Also, in Eastern Europe, science used to be a very important part of the economy. But then we have this time after the collapse of the Soviet Union, and the esteem of science and engineering plummeted. We have this palpable lull in talent and scientific ambition here now and we used to be quite proud in these areas. We are building this company that has science and engineering as a base, and we hope that we are creating a new vision for young scientists and young engineers to find a clear path to a meaningful career.

    What are your “5 things I wish someone told me before I started leading my company” and why. Please share a story or example for each.

    1. Sell to customers, not to investors. I spent a lot of hours traveling, visiting different startup events and trying to sell the company vision to investors. Although I succeeded in that, the effort was not worth it in the end. You’re better off focusing on product and getting your product to the stage where you can sell it to real customers, and get there as quickly as possible. Even when investors don’t understand what you do, if they see your customers paying you, they want to be part of your story.
    2. You need to truly feel committed to your ideas and your potential impact if you’re going to make it in the startup world. You will be tested, almost every day! You will definitely go through ups and downs, face obstacles and everything and everybody around will tell you “give up! It is not worth your time.” But the truth is that there are no successful companies in the world, which were built seamlessly. The only way to continue working is if you indeed love what you do and you do it just because you love it — love with no conditions.
    3. Running a startup requires a certain tolerance for risk. It is a field that is frequently unstable and filled with uncertainty. The rewards can be huge, but the potential for real failure is almost always present, especially at the beginning. I ran out of cash three times. The last time, I tolerated the debts of a few tens of thousands of Euros. But I continued working and I motivated the team to continue to work. They trusted me that we would get money. And we did. But without that risk tolerance, we would’ve been sunk.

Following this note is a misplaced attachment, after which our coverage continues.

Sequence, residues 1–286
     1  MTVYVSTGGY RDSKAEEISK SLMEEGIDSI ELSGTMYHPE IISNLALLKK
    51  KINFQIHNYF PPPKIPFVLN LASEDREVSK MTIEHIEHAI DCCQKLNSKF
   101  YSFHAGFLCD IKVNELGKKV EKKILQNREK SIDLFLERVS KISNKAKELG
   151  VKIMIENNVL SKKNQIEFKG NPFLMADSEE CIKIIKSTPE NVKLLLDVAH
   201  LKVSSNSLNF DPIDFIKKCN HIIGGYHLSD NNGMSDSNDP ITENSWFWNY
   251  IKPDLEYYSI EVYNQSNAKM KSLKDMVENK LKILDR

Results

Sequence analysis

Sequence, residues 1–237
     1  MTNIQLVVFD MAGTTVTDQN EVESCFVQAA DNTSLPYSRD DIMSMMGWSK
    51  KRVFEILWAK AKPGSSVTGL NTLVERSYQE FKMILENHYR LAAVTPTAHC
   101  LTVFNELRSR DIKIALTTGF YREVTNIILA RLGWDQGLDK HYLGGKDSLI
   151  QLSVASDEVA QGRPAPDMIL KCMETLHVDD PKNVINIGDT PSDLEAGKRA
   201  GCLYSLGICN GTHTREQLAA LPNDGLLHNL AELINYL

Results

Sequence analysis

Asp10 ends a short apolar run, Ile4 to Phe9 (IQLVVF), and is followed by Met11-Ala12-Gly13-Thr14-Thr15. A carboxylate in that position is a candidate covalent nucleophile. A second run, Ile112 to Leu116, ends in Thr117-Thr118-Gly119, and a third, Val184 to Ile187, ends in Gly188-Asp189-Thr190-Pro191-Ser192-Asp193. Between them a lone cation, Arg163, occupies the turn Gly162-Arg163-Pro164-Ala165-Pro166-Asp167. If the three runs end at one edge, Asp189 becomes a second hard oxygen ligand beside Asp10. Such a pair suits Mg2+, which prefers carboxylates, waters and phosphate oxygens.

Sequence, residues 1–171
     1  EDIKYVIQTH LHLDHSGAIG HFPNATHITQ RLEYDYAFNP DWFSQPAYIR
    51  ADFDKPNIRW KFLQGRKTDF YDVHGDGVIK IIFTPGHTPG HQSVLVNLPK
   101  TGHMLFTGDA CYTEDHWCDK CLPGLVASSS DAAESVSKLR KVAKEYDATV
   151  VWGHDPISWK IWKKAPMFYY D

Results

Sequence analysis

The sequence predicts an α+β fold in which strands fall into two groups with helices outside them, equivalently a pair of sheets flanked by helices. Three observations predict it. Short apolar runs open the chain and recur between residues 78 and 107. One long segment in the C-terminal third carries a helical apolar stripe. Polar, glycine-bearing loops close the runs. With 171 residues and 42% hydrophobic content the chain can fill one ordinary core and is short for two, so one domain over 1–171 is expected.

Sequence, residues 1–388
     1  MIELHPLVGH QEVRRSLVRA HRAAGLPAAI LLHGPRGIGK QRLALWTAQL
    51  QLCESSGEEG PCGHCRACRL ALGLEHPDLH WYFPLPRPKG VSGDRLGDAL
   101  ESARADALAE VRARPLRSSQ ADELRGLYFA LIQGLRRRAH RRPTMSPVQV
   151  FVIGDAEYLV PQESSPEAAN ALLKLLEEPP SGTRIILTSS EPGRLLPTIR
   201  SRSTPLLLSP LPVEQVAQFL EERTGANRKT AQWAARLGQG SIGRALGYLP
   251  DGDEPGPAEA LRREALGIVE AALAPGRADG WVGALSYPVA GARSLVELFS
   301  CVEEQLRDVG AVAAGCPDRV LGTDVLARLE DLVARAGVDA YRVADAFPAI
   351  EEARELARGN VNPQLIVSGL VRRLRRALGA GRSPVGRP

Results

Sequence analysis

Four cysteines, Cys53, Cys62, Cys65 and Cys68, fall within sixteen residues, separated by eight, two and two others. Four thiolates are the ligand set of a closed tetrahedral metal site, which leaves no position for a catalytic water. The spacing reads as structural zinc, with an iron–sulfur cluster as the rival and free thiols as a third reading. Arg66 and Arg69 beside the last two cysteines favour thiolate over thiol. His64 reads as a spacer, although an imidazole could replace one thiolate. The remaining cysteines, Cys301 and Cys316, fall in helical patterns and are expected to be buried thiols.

4. “Work/Life Balance,” is a nice thing to aspire to, but you need to think more in terms of hustle if you want to run a company. Actually, I am certain: you cannot build a company without hustle. With the growth of the company, the hustle should be gradually replaced with focus. You personally focus on what you can do the best and hire talents to do the rest. At any rate, the need for hustle is ever present and will not be alleviated simply because you love what you do. When I’m asked what my hobby is, I say that I used to have a few, but now the only hobby I have is my work. I truly love what I do and I enjoy doing that even in the evening, on weekends, and sometimes during vacations.
    5. Startup growth is about people you hire. There cannot be compromises. You grow as fast as your people can do that. Hire the best talents and give them a chance to show the best of their character.

    If you could start a movement that would bring the most amount of good to the most amount of people, what would that be?

    There is a concept in Judaism called Tikkun Olam. I’m not Jewish and I don’t mean to cheapen these deep traditions in any way, but there is something in Tikkun Olam that speaks to me. Based on how I understand it, this concept asks us to ‘fix the world.’ There has been an unequal distribution of goods on the planet, and we need to work to make things more equitable. We have this drive inside of us. It’s an innate part of our humanity. My hope is that more people will put focus on this idea generally.

    How can our readers further follow your work online?

    Mihails’ LinkedIn

    CENOS LinkedIn

    CENOS Twitter